We can tall you that Police and FBI and S.W.A.T. teams made entry at about 8:00 this morning. Curt Myers didn't pick the building randomly. Just down the road from me. According to one police officer, he was prepared. He was waiting in ambush as the teams made into the building. They sent in an FBI canine dog, and Curt Myers opened fire, killing that dog. Agents returned their own fire, killing Curt Myers.
Entry was made and over in a couple of moments, we are told that the suspect, the man who killed four people and who now we believe was waiting in ambush for a police officers, that he is now dead. And so this, again, over, a lot of tension was here in Herkemier County as the police were waiting him out. They had not spoken to him in more than 15 hours, and they thought well maybe when there was an exchange of fire yesterday, that maybe he was wounded, but he wasn't. He was laying in wait. Police got him first, John.
BERMAN: Wow, Deborah Feyerick, for us. Moments of extreme tension this morning in Herkimer County. Our thanks to you. Other news now, TSA administrator John Pistole is expecting to defend his decision to allow small knives on planes. When he testifies today before the House homeland security committee earlier this week, he said he was sticking with the plan, which is set to take affect next month designed to reduce waiting time at airport security checkpoints. Three major carriers, Delta, American, and U.S. Airways have come out against the plan along with unions representing pilots and flight attendants.
A live look now. No live look, well, this morning or today at the Gaylord resort in National Harbor, Maryland, it is where conservatives will gather for the start of the annual CPAC convention. Among today's featured speakers, Senators Marco Rubio, Rand Paul, and Tim Scott, along with Texas Goernor Rick Perry, Mitt Romnay, Paul Ryan, Ted Cruz, Sarah Palin, Donald Trump, and the NRA's Wayne LaPierre, are all set to appear at CPAC this year. Some people who will not appear? Chris Christie and Bob McDonnell of Virginia.
Other political news. Florida lieutenant governor is getting caught up in a corruption scandal at a veteran's charity. Jennifer Carroll stepped down just a day after answering questions investigators about her consulting role in the charity, The Allied Veterans of the World. Carroll was not among the 57 people charged with racketeering and money laundering.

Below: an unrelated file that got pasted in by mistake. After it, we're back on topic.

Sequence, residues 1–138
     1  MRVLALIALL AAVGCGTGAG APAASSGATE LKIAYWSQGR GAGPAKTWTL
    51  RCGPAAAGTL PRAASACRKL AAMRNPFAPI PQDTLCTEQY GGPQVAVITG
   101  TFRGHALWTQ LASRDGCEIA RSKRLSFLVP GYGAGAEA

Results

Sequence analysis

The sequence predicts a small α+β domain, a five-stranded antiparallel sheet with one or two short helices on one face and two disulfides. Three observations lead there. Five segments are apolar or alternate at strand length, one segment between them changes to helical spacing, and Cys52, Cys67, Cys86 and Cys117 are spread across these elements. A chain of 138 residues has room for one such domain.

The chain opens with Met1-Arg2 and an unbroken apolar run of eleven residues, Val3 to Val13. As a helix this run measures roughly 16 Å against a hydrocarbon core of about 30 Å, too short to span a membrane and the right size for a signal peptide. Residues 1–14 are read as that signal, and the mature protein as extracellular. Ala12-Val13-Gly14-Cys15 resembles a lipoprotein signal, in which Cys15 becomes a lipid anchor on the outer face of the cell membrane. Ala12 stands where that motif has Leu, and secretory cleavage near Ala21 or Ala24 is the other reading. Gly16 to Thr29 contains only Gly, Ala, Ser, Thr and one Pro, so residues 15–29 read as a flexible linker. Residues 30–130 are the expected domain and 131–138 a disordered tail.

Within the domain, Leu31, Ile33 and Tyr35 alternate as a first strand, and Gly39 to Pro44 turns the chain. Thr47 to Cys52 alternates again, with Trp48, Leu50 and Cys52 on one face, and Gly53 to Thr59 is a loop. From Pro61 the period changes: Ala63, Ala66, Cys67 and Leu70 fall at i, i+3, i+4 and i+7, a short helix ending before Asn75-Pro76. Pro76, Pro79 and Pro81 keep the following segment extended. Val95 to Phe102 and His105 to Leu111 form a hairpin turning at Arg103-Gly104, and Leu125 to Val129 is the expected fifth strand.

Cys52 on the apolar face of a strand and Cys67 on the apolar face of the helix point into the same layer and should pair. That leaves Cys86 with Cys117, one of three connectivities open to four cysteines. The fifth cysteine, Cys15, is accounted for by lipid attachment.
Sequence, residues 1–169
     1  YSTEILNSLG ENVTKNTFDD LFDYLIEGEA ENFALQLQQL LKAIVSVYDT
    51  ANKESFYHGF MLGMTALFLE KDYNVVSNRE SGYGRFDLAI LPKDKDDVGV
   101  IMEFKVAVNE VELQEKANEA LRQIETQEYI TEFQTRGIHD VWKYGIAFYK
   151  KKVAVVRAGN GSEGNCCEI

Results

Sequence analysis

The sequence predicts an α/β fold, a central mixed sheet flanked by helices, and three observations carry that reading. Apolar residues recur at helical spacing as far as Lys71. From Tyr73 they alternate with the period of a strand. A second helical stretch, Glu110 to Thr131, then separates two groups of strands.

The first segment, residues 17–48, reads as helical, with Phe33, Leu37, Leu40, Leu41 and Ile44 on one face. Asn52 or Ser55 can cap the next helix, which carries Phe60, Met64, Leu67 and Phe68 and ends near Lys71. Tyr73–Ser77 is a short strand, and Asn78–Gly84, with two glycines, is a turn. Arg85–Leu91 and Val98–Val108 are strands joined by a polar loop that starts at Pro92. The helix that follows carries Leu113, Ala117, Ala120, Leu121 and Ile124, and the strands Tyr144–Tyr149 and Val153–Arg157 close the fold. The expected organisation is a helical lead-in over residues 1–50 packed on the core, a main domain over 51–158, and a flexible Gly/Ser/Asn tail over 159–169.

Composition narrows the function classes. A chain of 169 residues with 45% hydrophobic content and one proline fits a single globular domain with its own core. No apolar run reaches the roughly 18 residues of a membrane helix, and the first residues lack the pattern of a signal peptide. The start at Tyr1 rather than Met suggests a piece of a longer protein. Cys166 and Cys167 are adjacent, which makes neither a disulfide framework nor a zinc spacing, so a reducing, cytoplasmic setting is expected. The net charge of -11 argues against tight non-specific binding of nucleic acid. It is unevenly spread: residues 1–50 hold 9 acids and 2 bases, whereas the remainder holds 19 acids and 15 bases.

Police are investigating allegations of physical abuse at this California preschool. A former teacher is accused of duct taping two- year-old girl's ankles and wrists because she wouldn't sleep during naptime. I can't believe I'm saying this.
O'BRIEN: That will relax her, to make her sleep. That's insane.
BERMAN: If this isn't bad enough, the teacher apparently took a picture of this and showed it to coworkers. One of them was the child's mother, who contacted authorities. Also in California, a daycare teacher is being accused of drugging toddlers with over the counter sleep aides. Police say a coworker saw her putting pills in little white cups prepared for the kids. Parents, as you can imagine, were outraged when they found out.
(BEGIN VIDEO CLIP)
UNIDENTIFIED FEMALE: I would never picture anybody doing to this to any kid.
UNIDENTIFIED MALE: What do you think about somebody doing this?
BIANCA FLORES, CHILD IN DAYCARE: Sickening. Sick to my stomach. I want to throw up. I just keep my kids home. I work for a daycare too. It's hard.
(END VIDEO CLIP)
BERMAN: Wow. The teacher was caught before any of the one or two- year-olds had a chance to take the sleeping aides. She is currently behind bars, charged with felony endangerment. O'BRIEN: : Who gives a 1-year-old sleeping pills? Sleeping aids, whatever you want to call them? They can't even take pills at that age. That's insane. So insane. That's the crazy moment.
O'CONNELL: The person's a teacher, they know they're going to be dealing with youngsters and they are lively and wiry.
O'BRIEN: Clearly the wrong field if you can't handle.
BERMAN: Terrifying to hear as a parent.
O'BRIEN: Oh, my gosh. The crazy segment today.
Up next, a secret among many parents. A version of this, right? Giving their kids medication they may not need in the hopes of making them smarter or more focused. WE'll tell you what a new report says about this disturbing practice. That is right after this short break.